Press Release •  8/23/2021

Growers Prefer Integrated Approach to Extend Life of CRW Traits

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Poll Shows Growers Choose Combination of BMPs, Which Can Extend Trait Life by up to 50%

Conditions such as mild winters and low moisture are making it likely that many growers should expect the recent rise in corn rootworm (CRW) pressure to continue into next season. For those with affected or at-risk fields, it could mean plants with damaged root systems, poor seed set and yield loss. That’s why a critical component of any management plan is using defensive CRW trait technology, and according to a recent poll by Pioneer, most growers prefer partnering traits with a combination of best management practices (BMPs) to help maximize and prolong the life of CRW trait technology.

Pioneer polled U.S. corn growers on Instagram and Twitter in late July, asking: “Which of these BMPs is most critical to extending the life of a CRW trait?” The responses from 907 growers had 51% answer “combination of practices,” 35% answer “crop rotation,” 7% answer “in-season insecticide,” and 7% answer “soil-applied insecticide.”

“Corn rootworms have proven over time to be very adaptive, and I'd say there's no magic bullet — there's no one trait that can eliminate this pest problem from your field,” said Matt Essick, Pioneer Agronomy Manager. “Trait effectiveness could be anywhere from three to five years to as long as 20 plus years. But if we also implement best management practices, our research shows that can extend the trait life by at least 30%, and up to 50%.”

According to Essick, the data supports growers choosing an integrated approach with multiple tactics to improve the durability and effectiveness of CRW products. Using crop rotation and/or in-season adult insecticides can reduce eggs in the soil for the following season. Altogether, it resets populations to the point where the pest can be managed, while helping to extending the life of today’s advanced CRW traits.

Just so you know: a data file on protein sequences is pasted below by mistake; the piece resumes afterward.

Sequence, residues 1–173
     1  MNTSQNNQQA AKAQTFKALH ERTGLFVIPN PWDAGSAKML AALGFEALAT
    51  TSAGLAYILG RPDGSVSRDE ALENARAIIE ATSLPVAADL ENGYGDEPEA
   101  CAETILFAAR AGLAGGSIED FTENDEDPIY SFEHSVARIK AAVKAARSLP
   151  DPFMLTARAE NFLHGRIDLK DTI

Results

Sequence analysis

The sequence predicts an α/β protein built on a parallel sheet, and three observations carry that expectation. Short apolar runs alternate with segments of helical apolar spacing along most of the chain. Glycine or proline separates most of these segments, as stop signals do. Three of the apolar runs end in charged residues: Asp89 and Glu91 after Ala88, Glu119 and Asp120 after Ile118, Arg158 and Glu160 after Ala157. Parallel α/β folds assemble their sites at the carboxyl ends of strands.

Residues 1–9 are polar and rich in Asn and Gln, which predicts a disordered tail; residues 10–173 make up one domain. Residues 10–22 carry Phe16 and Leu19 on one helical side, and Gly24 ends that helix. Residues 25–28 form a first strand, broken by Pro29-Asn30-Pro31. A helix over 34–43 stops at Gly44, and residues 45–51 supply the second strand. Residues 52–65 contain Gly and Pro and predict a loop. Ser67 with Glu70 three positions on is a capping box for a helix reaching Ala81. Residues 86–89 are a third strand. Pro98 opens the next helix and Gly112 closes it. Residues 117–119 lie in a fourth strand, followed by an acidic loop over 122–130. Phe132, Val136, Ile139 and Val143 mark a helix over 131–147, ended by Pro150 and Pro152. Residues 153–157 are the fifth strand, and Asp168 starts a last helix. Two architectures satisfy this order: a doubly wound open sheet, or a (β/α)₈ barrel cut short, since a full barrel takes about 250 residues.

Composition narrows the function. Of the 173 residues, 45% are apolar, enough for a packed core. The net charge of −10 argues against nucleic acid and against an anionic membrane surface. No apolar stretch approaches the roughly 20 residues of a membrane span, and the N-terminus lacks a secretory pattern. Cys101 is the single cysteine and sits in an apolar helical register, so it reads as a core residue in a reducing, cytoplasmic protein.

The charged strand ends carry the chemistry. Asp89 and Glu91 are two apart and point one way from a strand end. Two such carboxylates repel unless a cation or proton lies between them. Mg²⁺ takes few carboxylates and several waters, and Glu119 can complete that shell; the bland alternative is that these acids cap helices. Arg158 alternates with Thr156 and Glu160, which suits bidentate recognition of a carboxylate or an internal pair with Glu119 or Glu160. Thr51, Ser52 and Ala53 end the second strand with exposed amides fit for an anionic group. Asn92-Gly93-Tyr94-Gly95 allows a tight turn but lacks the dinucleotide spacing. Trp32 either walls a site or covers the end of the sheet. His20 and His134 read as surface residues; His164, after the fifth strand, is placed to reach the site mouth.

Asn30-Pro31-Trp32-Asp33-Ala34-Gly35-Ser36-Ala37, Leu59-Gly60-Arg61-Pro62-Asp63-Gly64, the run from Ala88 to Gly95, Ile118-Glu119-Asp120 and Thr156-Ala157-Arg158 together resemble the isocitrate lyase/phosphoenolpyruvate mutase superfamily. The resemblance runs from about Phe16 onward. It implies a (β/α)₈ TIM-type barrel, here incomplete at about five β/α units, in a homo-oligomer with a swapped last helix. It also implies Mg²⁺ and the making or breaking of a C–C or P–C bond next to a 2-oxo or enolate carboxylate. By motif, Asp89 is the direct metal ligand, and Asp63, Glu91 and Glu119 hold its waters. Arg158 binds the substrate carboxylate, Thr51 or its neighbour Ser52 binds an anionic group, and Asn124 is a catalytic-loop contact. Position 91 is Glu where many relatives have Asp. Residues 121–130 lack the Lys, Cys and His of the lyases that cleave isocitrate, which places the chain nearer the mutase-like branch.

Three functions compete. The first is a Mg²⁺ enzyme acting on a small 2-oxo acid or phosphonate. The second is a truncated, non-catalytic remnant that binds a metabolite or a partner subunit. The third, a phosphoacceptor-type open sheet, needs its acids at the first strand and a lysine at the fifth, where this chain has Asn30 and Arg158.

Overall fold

Essick also stresses the importance of accurate measurement of CRW pressure and shares three tips growers can use to identify the presence of corn rootworms, and then measure levels:

  1. During tasseling, dig up 10 to 20 plants throughout the field, wash the roots off using a pressure washer or a bucket of water and evaluate for corn rootworm feeding.
  2. When adult beetles start to emerge in July and August, go into the field and count the number of beetles you find per plant, doing this at several locations across the field.
  3. Utilize yellow sticky traps during beetle emergence. Catching anything less than 20 beetles/trap/week is considered light pressure, anything over 50 beetles/trap/week caught on sticky traps is considered high corn rootworm pressure.

“It all comes back down to understanding what your pressure is and then using multiple methods to minimize build-up, followed by continuously evaluating your management practices over time,” Essick says.

Growers can collaborate with their local Pioneer agronomist to help scout fields and develop integrated management plans. More information on CRW trait technology, such as found in Pioneer® brand Qrome® products, is available on or by contacting their local Pioneer sales representative.


About Pioneer
Pioneer, the flagship seed brand of Corteva Agriscience, is the world’s leading developer and supplier of advanced plant genetics, providing high-quality seeds to farmers in more than 90 countries. Pioneer provides agronomic support and services to help increase farmer productivity and profitability and strives to develop sustainable agricultural systems for people everywhere.

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About Corteva Agriscience
Corteva Agriscience is a publicly traded, global pure-play agriculture company that provides farmers around the world with the most complete portfolio in the industry - including a balanced and diverse mix of seed, crop protection and digital solutions focused on maximizing productivity to enhance yield and profitability. With some of the most recognized brands in agriculture and an industry-leading product and technology pipeline well positioned to drive growth, the company is committed to working with stakeholders throughout the food system as it fulfills its promise to enrich the lives of those who produce and those who consume, ensuring progress for generations to come. Corteva Agriscience became an independent public company on June 1, 2019 and was previously the Agriculture Division of DowDuPont. More information can be found at

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Media Contact:
Kacey Birchmier
515-305-0085 cell

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